Revisit: Hot Topics in Service Research
Update on Hot Topics in Service Research IV, Manchester Business School, Manchester, UK, 13 Sep 2012; Deadline now 20 Aug
HOT TOPICS IN SERVICE RESEARCH IV – Transforming Service Research
9.00am-6.00pm on September 13th 2012
Manchester Business School, MBS East, Booth Street East, Lecture Theatre B3
The University of Manchester, Manchester, UK
One of currently most talked about articles is Ostrom et al. (2010) “Moving Forward and Making a Difference: Research Priorities for the Science of Service” in the Journal of Service Research. Enlarging on this theme, renowned researchers who have a strong reputation in the service field will discuss their views at the fourth Hot Topics in Service Research together with participants from Manchester Business School (MBS) and other institutions.
Hot Topics IV is a research workshop consisting of 5 tracks. Each track will have up to 7 participants working together during the day. The participants will discuss the topic of the specific track and develop a research agenda, and may also develop ideas for a joint research project and publication. In the late afternoon, the track chairs will then present the ideas discussed during the day to the final plenary meeting. This promises to be a lively and thought-provoking event with contributions from many aspects of contemporary service research in the US, Australia, Europe and the UK.
The research workshop is free to attend (buffet lunch and other refreshments provided), however, in order to take part in this event, interested academics should submit a 500 word position statement with the following information:
Which track would you like to be in? Why would you like to be in this specific track? What research have you conducted in area of your chosen track?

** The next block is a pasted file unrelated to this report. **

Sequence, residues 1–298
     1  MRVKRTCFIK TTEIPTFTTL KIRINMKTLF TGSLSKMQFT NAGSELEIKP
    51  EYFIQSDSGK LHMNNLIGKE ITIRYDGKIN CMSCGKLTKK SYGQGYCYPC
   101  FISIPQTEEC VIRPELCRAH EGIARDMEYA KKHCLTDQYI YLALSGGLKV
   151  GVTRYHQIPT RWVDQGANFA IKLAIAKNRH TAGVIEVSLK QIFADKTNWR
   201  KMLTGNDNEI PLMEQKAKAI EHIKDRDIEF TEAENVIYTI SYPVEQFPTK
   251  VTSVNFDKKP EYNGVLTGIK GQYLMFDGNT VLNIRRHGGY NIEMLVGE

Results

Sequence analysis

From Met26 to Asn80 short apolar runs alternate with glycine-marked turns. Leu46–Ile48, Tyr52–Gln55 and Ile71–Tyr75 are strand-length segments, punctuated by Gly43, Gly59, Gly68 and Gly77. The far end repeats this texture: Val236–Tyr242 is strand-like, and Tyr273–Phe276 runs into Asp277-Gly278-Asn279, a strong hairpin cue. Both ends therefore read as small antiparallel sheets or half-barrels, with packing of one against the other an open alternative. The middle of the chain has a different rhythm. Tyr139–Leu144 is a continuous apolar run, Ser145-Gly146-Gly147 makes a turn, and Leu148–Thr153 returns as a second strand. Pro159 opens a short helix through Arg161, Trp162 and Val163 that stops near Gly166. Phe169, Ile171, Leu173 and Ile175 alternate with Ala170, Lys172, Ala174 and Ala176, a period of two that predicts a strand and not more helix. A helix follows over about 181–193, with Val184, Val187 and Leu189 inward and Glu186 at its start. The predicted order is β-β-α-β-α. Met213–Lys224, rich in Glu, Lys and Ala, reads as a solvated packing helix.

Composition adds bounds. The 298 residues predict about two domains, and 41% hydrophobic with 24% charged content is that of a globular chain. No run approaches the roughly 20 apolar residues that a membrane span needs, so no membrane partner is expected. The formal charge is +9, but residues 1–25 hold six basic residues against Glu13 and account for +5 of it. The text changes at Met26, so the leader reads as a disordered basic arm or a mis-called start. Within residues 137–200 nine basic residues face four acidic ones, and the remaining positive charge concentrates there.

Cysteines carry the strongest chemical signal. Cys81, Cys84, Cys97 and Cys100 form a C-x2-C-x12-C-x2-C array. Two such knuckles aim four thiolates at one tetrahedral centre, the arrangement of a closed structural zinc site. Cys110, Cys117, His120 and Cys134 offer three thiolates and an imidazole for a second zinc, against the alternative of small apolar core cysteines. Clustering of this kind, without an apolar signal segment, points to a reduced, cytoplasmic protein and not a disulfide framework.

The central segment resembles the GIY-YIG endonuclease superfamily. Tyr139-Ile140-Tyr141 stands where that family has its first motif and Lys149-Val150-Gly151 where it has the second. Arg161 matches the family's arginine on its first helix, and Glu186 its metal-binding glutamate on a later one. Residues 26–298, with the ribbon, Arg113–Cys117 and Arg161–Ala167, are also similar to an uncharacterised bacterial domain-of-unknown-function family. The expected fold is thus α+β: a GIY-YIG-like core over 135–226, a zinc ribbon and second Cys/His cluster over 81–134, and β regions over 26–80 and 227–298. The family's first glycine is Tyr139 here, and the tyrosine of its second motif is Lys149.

Please send this to firstname.lastname@example.org until August 20th. Successful applicants will be informed by August 25th.
Overview of available tracks
Track 1 – "Sustaining a sustainable lifestyle”
Brief Overview: This track discusses how marketers can help consumers and firms to live a sustainable life and firms to develop products and services allowing consumers to do so.
At the heart of this is innovation and adoption for firms and policy issues for policy makers.
Track leader: Professor Tor W. Andreassen is Professor in Marketing at BI Norwegian Business School. Dr. Andreassen’s research interests are frontline employees’ contributions to value equity, customer (dis)satisfaction, technology and services, service innovation, customer relationship management and its financial implications. Dr Andreassen’s research has been published in leading journals such as: MIT Sloan Management Review, Marketing Science, Journal of Marketing, Quality & Quantity, Journal of Economic Psychology, Journal of Public Sector Management, Journal of Service Research, Journal of Services Marketing, European Journal of Marketing, and Journal of Service Industry Management. He is s regular columnist in a leading Norwegian business magazine.
Track 2 – “Transforming the delivery of health care services”
Brief Overview: One of the critical issues facing almost every country is the ability to effectively deliver health care services. Identifying more efficient and effective methods to do so has the potential to have significant positive impacts on the health of the population and via that a potential reduction in the cost of health care. The purpose of this session will be to discuss various ways in which service marketing scholars can aid health care providers in doing a better job of delivering health care. Topics can include things such as patient/physician interactions and how health care professionals can do a better job ensuring patients understand and follow prescriptions as well as how the emerging service science field can enhance the efficient production of health care.